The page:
Kenyan comedian Njambi McGrath’s first stand up comedy gig was a disaster. In a half empty club in London, her audience was as ill at ease with her jokes about Africa as she was delivering them. McGrath persevered, in part, because of her upbringing in Kenya. “When you grow up in Africa you see people in much, much more difficult situations than you could ever be in and they just keep going,”Three years later, the thirtysomething is making a name for herself in an industry few black African women have successfully cracked.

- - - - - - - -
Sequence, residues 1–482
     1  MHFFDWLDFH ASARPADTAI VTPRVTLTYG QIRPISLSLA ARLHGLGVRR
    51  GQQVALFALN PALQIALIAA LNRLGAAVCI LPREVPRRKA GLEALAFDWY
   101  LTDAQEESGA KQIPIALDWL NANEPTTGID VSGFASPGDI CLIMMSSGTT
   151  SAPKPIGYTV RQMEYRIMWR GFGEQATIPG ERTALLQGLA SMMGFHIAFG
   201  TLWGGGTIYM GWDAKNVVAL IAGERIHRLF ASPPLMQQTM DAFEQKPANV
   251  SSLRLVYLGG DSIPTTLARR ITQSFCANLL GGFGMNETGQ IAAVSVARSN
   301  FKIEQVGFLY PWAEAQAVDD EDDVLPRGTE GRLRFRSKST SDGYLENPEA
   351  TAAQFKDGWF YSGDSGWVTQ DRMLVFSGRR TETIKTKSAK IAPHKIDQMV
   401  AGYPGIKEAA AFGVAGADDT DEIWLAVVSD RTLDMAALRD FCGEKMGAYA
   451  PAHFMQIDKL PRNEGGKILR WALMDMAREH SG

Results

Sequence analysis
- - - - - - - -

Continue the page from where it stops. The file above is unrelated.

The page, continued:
One of a rising number of African-born comedians making waves in the UK, McGrath says the shock of seeing how the continent was portrayed when she moved to England three years ago encouraged her to use a comic touch to raise serious issues.
I met up with her at the Belfast Out To Lunch festival after she performed her show “One Last Dance With My Father”. The show is more than just a stand up show touching on subjects like abortion, domestic violence and the social consequences of a colonial past.
It was a pleasure to chat with her. She is such a strong survivor and a courageous woman.